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«Malaba Mutukula Lwakhakha May 2007 FOREWORD The Informal Cross Border Trade (ICBT) Survey is an economic survey covering unrecorded trade ...»

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Imports from DRC through Vura are mainly agricultural commodities while exports from Uganda are industrial products.

3.3.5 Odramachaku Odramachaku is located on the western side of Arua town, a distance of about 10 Km. It is connected to Arua by a good murrum road via Lia customs post. Odramachaku is adjacent to Lia customs post that handles official trade, and transit goods destined for DRC.

The bulk of Ugandan exports through Odramachaku are industrial products like electronics, textiles, leather products and mattresses. Imports from DRC consisted of agricultural commodities. A lot of unrecorded trade takes place on market days (Wednesdays and Fridays), which are twice a week.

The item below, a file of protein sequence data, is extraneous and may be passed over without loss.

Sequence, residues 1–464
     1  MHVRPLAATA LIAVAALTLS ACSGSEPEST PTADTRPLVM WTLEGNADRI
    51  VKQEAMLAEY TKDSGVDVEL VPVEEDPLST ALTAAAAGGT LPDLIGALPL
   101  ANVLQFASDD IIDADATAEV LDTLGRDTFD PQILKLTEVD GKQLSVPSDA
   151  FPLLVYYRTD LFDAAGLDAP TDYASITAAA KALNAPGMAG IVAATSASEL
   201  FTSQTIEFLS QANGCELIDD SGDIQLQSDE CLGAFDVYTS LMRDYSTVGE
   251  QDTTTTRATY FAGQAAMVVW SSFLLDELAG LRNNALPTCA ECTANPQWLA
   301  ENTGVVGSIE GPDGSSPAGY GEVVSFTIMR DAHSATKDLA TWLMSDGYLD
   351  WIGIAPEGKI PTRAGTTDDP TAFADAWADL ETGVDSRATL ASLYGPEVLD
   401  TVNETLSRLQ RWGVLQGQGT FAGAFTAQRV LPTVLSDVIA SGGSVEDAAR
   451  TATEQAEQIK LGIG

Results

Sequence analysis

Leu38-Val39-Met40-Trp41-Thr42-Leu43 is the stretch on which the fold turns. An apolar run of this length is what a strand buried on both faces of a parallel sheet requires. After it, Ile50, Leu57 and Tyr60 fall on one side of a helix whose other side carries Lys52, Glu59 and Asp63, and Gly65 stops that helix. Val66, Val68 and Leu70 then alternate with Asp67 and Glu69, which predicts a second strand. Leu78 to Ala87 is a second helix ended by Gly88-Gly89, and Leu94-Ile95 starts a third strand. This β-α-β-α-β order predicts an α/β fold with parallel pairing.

163.3.6 Phaidha

Phaidha customs post is located in Nebbi district near the border with DRC. It has several entry and exit routes like Alisi, Asina, Nyibola, Awasi, Padea and Zeu. These entry points cover a vast area without physical barriers where goods are ferried into the country informally to Paidha post. Of these, Nyibola and Padea are monitored under ICBT Survey because of the volume of trade involved. Trade through Alisi and Asina routes is insignificant, while Zeu was left out because of insecurity on the DRC side.

Other border points that exist along the Uganda and Congo border which are not monitored include Kerwa, Goli, Erusi, Parambo, and Panyimulu which are also experiencing ICBT flows. It is important to note that communities along this economic boundary on either side of the countries speak Alur and practice more less similar cultures.